Van Goyen frequently painted the distinctive view of the Dutch town of Dordrecht. The bold bulk of its main church, the Groote Kerk, with its unfinished spire, dominates the view across the junction of the busy river Maas. He painted it over twenty times from varying distances and in different weather conditions. Here blustery winds push a ferry-boat's sails and whip up the choppy waves which rock the fishermen's boat. The overall brown tonality is freshened by a pale blue sky, glimpsed through the scudding clouds, and enlivened by the bright red coat of a rowing-boat passenger.
This view of Dordrecht dated in 1644 is similar in composition to another version in Brussels which is much larger and painted on canvas. The Brussels view depicts similar but more blustery weather, whipping up the river into choppy waves and buffeting the boats. Like the Walker's painting, it also views Dordrecht from the foreshore of the junction of the Dordtse Kil, a tributary of the Oude Maas (the old channel of the Maas which flows north around Dordrecht) seen in the foreground of the Walker’s picture. The spit of land in the Brussels picture is, however, crowded with many more figures watching a ferry moor than the Walker’s lone man. Another 'View of Dordrecht from the Dordtse Kil', in Washington, is almost the same size (64.7 x 95.9cms.) as the Walker’s view and is also painted on three horizontal wood planks. However, it shows a much calmer view with fewer boats and less human activity. A black chalk sketch, which van Goyen drew on the spot in around 1648, shows that, as was typical of his paintings, he has accurately reproduced the placing of Dordrecht’s key river-front buildings but has exaggerated the distances between them in order to give the horizon a panoramic character.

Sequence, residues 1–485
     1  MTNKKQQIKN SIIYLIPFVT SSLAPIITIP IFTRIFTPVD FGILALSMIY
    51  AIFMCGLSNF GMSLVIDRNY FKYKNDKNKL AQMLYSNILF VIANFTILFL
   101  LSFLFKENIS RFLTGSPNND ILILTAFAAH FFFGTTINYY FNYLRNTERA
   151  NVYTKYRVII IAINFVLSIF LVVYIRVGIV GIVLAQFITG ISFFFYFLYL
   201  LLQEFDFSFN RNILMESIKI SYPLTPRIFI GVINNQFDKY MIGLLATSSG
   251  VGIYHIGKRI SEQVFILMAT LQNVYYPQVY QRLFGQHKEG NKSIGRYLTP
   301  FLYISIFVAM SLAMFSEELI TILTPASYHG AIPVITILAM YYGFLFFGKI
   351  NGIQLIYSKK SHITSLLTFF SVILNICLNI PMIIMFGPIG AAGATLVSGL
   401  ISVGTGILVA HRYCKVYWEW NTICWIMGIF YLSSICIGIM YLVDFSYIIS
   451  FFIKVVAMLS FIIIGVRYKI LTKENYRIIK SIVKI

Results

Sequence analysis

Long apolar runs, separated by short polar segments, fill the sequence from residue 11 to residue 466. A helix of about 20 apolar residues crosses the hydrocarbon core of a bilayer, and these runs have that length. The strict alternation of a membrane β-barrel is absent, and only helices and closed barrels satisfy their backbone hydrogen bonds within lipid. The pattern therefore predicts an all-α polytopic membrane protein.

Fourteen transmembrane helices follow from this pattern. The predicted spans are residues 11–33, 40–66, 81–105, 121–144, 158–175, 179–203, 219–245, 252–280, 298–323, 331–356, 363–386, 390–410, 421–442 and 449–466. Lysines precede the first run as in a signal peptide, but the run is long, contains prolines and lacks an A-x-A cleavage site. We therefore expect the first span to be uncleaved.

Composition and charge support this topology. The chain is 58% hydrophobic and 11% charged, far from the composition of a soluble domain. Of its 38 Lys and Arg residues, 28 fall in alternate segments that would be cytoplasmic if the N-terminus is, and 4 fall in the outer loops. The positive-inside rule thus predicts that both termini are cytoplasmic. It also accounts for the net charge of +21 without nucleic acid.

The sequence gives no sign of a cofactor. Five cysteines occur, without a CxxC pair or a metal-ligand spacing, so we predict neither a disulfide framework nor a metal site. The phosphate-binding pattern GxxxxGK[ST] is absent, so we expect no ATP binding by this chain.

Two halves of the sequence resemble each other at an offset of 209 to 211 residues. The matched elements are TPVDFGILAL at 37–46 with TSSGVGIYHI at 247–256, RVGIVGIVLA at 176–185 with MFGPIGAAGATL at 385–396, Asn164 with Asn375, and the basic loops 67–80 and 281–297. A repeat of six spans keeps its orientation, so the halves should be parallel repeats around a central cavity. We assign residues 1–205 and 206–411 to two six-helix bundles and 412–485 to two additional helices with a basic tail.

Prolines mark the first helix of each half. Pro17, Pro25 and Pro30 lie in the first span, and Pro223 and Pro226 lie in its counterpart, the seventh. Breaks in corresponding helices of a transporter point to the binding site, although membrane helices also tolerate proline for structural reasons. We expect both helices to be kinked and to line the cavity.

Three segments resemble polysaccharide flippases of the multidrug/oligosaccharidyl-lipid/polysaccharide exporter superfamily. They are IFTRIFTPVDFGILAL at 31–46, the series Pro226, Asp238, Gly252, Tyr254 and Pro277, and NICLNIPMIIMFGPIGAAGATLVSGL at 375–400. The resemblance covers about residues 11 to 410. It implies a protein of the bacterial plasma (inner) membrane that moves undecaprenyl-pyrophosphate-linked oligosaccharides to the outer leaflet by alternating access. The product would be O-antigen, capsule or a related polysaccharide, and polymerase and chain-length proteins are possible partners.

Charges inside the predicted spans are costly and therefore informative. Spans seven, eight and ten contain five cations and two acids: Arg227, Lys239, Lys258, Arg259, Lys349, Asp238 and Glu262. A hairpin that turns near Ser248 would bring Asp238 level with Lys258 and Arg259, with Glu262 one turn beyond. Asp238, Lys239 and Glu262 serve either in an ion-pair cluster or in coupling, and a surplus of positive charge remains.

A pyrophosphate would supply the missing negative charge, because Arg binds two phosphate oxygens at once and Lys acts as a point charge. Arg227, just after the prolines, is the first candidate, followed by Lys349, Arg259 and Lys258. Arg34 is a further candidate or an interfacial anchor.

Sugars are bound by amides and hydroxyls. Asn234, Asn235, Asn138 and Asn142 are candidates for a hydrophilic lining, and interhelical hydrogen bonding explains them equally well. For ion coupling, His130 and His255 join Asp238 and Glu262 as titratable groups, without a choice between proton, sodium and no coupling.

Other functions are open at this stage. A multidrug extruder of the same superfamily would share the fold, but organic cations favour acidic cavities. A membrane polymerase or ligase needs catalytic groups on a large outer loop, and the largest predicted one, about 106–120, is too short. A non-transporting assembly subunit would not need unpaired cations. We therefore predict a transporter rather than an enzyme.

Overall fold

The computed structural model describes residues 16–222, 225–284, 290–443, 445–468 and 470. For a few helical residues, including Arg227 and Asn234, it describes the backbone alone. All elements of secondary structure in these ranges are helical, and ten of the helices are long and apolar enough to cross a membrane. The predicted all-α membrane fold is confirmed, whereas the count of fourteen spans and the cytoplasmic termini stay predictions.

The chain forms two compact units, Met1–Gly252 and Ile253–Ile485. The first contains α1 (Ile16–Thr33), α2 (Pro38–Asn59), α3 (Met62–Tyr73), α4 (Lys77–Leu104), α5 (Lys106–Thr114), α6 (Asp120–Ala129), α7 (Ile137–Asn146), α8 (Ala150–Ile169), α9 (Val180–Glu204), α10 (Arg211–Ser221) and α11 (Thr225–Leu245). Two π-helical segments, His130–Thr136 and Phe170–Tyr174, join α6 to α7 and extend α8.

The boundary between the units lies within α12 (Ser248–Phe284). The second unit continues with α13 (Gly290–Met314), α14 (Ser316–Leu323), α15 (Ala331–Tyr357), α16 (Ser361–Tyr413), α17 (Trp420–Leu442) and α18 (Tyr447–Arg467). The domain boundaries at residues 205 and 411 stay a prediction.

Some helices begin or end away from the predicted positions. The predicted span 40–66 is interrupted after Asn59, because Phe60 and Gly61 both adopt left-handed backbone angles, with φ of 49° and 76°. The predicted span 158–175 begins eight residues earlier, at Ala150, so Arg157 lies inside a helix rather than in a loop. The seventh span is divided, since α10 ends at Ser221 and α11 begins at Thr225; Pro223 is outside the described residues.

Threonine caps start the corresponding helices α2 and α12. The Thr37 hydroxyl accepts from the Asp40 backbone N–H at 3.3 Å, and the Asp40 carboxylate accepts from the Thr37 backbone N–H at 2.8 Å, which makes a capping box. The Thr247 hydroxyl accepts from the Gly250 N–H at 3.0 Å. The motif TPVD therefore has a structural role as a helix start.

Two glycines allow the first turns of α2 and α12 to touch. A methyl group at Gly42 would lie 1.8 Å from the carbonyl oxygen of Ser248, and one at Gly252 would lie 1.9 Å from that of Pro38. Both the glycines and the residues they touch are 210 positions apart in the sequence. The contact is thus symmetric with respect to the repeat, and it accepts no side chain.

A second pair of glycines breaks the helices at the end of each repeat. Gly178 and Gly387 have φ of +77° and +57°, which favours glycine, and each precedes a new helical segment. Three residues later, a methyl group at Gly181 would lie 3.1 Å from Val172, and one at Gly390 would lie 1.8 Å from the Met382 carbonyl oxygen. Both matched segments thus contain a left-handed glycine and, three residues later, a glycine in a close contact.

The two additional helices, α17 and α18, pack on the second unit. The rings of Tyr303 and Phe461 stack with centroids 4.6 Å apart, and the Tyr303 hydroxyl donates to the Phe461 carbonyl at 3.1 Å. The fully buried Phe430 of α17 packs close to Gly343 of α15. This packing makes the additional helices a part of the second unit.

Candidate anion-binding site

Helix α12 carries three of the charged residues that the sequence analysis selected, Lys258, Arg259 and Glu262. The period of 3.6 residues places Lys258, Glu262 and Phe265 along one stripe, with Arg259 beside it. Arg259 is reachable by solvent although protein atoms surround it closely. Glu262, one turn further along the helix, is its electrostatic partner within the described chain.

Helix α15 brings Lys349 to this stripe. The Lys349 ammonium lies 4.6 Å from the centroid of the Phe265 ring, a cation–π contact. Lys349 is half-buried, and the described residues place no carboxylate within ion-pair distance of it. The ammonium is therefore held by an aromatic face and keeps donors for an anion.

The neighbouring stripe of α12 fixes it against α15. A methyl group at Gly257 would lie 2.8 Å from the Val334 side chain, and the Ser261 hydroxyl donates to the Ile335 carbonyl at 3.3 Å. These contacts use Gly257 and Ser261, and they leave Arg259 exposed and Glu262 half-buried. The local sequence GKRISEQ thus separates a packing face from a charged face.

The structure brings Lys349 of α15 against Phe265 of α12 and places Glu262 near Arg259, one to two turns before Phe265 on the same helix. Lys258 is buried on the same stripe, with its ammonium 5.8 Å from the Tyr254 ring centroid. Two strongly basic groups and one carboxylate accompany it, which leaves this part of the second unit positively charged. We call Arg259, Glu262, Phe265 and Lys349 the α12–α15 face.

It shows his mastery in depicting damp blustery clouds and their dispersal of liquid sunlight over the inland waterways that he preferred to paint. Although all the 1644 views focus on the distinctive silhouette on the skyline of Dordrecht’s large Protestant church, the Groote Kerk, van Goyen has enlivened the compositions by depicting diverse dynamic weather conditions and painting a variety of shipping and human activities in the foreground.
This picture has a monochrome light brown tonality, enlivened by patches of blue sky, green river-water reflected onto the Groote Kerk’s tower, and a touch of local colour in the red coat of one of the rowing-boat passengers. This dash of red is made all the more vivid by being the picture’s sole dab of bright colour. The painting’s white ground-layer shows through in places (especially in the sky) as a result of previous abrasion. But van Goyen’s fluid brushwork around the boats and the white highlights skimming the tops of the rippling waves are still in good condition. As the paint surface has become translucent with age, the colour and graining of the wood panel shows through, creating an optical illusion of a ‘pink’ effect in the sky, which may have been intended by the artist.
By 1644 when van Goyen painted this view, the old city of Dordrecht had become a major commercial centre, whose wealthy merchants would have provided a market for the artist’s views. Its trading importance was due particularly to its favourable geographic position at the busiest junction of a number of major inland waterways in the south of the Netherlands. Dordrecht and especially the bulky Groote Kerk, with its unfinished spire, also represented the real and symbolic triumph of the Dutch Reformed Church, for it was in the city that the Church was established after the 180 meetings of the Synod of Dordrecht in 1618-1619.